. Academic medical centers experience greater than average trial participation rates (765)Unger JM, et al. (2019) J Natl Cancer Inst, 111: 245. [LINK NOT AVAILABLE], but most patients with cancer are treated at community clinics or hospitals where trials have not been historically available. Unfortunately, more than 75 percent of patients with cancer are ineligible for trials because there are no trials available for their specific disease or they are excluded because of strict eligibility criteria related to other health conditions (765)Unger JM, et al. (2019) J Natl Cancer Inst, 111: 245. [LINK NOT AVAILABLE]. Additional challenges to enrollment in clinical trials include absence of health care facilities in some communities, lack of trust in medical research and institutions, family responsibilities, and costs and time related to participating (767)Nipp RD, et al. (2019) Oncologist, 24: 1048. [LINK NOT AVAILABLE](768)Unger JM, et al. (2016) Am Soc Clin Oncol Educ Book, 35: 185. [LINK NOT AVAILABLE](769)Institute of Medicine. Barriers to patient recruitment and physician participation. Accessed: June 30, 2022. . These factors contribute to a clinical trial population which does not represent the real-world population of patients who may use the new therapies. This discrepancy leaves open questions on safety and efficacy for people from groups that are not adequately represented in clinical trials, and particularly groups that bear disproportionately higher cancer incidence and death.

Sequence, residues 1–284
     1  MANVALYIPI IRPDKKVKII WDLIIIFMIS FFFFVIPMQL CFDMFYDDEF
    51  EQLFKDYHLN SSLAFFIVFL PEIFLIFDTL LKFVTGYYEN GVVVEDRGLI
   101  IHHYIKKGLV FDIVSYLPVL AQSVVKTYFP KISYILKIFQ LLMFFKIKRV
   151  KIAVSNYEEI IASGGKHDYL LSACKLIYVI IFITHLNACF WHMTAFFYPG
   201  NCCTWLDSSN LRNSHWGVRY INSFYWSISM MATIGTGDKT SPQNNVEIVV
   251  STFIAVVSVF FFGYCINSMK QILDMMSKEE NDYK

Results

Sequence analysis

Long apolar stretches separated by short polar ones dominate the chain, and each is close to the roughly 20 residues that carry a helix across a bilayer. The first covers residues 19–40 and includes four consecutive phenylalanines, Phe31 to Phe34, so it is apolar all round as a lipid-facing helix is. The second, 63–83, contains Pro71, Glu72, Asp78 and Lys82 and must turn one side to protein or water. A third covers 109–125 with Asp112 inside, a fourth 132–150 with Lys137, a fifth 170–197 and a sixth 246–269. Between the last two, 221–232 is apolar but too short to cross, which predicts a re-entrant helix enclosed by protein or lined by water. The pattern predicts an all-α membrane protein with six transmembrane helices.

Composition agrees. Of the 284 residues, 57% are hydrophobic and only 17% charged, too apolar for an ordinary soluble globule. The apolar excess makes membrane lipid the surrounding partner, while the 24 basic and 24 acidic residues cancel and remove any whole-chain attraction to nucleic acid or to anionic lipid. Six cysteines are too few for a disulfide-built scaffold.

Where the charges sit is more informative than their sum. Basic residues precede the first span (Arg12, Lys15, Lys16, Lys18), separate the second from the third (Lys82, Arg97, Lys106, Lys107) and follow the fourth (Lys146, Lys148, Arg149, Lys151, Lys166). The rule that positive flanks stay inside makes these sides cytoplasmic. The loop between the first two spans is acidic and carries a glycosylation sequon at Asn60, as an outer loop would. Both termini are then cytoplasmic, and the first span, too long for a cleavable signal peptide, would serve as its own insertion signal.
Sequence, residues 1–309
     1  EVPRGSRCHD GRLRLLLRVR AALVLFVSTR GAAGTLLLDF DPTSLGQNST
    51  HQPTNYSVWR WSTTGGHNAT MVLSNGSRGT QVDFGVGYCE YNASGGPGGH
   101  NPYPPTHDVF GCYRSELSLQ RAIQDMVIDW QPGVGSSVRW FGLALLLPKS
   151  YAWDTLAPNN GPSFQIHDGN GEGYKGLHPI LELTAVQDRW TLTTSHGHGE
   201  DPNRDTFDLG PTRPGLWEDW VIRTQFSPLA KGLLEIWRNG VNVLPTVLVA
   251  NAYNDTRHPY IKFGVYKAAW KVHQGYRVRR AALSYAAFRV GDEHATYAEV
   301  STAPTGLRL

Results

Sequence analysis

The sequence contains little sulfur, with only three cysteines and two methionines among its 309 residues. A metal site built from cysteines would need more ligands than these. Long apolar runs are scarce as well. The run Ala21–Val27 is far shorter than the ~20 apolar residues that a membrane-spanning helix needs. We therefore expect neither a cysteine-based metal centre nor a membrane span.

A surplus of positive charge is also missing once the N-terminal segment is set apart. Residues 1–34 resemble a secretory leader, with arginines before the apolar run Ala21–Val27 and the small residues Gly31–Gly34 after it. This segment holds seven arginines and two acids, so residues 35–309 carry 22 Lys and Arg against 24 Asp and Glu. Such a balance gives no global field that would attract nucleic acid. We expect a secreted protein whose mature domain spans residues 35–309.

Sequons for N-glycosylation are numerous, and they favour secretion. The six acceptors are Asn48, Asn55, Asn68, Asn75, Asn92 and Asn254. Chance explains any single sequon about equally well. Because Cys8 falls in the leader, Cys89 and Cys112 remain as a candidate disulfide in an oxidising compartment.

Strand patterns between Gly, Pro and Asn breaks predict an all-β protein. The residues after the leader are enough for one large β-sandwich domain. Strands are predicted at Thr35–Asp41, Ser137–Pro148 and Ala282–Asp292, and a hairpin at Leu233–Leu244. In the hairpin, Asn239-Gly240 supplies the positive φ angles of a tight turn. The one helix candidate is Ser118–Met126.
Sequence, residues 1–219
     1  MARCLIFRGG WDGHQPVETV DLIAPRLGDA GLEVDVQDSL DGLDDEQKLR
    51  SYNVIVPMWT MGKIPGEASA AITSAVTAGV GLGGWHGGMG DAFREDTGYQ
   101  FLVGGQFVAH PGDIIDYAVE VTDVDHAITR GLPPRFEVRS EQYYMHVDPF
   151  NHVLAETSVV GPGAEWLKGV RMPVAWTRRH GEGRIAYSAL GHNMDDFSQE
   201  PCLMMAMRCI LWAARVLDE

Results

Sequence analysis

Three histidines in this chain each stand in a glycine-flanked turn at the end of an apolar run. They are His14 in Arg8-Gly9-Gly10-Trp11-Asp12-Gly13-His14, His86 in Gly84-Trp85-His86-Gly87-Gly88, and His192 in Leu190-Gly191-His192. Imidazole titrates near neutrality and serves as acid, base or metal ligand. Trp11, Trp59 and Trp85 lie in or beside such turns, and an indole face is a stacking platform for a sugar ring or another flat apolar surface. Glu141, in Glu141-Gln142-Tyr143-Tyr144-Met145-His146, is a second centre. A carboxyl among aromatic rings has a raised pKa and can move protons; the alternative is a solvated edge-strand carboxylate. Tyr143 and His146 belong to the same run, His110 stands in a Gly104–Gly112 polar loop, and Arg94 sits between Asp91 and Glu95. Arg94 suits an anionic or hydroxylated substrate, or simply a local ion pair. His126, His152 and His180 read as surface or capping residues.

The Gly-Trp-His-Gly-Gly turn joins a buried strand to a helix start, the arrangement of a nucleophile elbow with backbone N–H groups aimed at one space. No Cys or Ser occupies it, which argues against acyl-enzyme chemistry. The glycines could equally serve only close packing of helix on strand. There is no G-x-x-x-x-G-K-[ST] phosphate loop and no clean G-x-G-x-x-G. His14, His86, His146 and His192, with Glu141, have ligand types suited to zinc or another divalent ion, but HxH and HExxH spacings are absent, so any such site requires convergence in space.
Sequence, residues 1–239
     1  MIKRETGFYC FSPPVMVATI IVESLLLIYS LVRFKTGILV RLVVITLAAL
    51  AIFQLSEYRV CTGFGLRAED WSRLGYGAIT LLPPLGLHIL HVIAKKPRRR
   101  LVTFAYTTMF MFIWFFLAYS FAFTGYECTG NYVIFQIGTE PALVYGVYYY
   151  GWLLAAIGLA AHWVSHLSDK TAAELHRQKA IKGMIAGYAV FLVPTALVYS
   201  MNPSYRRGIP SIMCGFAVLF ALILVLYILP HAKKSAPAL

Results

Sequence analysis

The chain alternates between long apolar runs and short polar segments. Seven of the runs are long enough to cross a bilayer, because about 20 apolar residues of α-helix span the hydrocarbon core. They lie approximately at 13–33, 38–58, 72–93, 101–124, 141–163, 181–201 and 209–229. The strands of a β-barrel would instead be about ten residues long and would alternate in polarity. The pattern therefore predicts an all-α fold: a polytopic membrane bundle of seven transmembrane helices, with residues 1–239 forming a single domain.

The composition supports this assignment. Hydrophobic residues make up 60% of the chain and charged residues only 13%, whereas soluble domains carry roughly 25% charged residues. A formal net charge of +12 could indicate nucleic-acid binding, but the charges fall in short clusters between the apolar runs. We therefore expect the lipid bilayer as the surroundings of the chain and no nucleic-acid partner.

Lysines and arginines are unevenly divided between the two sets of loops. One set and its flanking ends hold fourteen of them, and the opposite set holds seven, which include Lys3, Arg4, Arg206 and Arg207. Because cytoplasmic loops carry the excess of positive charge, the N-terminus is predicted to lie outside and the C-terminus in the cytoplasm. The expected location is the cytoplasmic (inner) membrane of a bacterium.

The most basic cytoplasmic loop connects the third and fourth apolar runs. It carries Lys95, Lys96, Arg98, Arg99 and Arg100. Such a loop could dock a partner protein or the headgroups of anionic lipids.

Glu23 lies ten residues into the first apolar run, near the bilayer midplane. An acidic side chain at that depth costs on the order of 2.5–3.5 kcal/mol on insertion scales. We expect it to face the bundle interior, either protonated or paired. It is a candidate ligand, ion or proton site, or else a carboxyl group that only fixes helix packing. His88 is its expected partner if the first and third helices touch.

To improve representation in clinical trials, it will be critical that trial sponsors and researchers prospectively integrate diversity strategies with traditional drug development strategy. Historically, diversity has primarily been considered in hindsight, when it is too late to make meaningful changes to clinical trials underpinning regulatory submissions. Included in the federal appropriations omnibus for FY 2023 was a provision that allows FDA to require companies to develop a Diversity Action Plan for registrational trials as well as document their success at meeting diversity goals (770)U.S. Food and Drug Administration. Diversity Plans to Improve Enrollment of Participants from Underrepresented Racial and Ethnic Populations in Clinical Trials Guidance for Industry. Accessed: July 5, 2023. . The new law also allows FDA to require additional postmarketing clinical trials to follow-up on important signals for specific subgroups of patients identified during premarketing trials. In April 2022, OCE released draft guidance on creating prospective diversity action plans and is now working towards finalizing the guidance (771)U.S. Food and Drug Administration. Decentralized Clinical Trials for Drugs, Biological Products, and Devices. Accessed: July 5, 2023. . In June 2023, AACR, FDA, and several industry partners collaborated on a special article that outlined steps clinical trial sponsors can take to improve diversity in clinical trials, thereby improving access to innovative cancer therapies for all patients (772)Fashoyin-Aje LA, et al. (2023) Clin Cancer Res: OF1. [LINK NOT AVAILABLE]. They called on the entire cancer research community to expand the number of clinical sites involved in research, broaden trial eligibility criteria, address barriers to participation, and continue ongoing conversations among broad stakeholders, including patients. Recommended changes to clinical trials to enhance diversity as well as other improvements are summarized in Table 4.